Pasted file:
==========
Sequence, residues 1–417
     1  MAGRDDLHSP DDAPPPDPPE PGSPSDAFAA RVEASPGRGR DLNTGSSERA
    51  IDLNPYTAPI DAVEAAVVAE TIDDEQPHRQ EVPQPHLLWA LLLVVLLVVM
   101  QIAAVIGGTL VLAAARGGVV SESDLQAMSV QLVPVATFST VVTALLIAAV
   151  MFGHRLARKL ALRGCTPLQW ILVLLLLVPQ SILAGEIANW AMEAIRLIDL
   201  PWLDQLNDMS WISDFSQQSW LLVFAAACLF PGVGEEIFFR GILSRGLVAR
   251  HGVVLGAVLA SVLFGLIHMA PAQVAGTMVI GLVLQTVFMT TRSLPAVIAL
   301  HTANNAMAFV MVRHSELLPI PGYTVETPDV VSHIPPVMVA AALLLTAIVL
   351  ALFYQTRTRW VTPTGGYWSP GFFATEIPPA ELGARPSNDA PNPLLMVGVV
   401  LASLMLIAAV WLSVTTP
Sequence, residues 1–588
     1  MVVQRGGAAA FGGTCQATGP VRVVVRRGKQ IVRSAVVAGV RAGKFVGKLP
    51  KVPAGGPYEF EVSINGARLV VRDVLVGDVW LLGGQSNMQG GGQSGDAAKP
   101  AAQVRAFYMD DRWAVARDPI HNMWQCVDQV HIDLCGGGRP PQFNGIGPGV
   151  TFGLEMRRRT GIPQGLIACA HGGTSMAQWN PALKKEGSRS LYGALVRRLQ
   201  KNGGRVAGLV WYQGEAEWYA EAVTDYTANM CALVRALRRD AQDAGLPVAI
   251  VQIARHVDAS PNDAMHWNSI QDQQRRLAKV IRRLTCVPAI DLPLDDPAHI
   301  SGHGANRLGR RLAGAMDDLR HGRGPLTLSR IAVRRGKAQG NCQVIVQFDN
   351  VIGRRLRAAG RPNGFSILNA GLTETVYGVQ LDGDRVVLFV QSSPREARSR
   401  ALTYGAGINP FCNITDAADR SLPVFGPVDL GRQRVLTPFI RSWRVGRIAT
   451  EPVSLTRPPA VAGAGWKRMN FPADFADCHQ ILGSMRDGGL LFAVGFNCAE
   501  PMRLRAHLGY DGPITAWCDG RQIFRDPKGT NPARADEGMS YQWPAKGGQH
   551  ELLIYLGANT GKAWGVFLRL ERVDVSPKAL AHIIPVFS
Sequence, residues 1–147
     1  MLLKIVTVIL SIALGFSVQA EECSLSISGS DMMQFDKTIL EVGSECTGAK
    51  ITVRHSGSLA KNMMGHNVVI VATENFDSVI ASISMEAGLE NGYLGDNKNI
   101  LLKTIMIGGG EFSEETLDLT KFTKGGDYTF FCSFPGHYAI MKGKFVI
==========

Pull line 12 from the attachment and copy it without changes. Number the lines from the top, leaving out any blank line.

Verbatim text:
     1  MVVQRGGAAA FGGTCQATGP VRVVVRRGKQ IVRSAVVAGV RAGKFVGKLP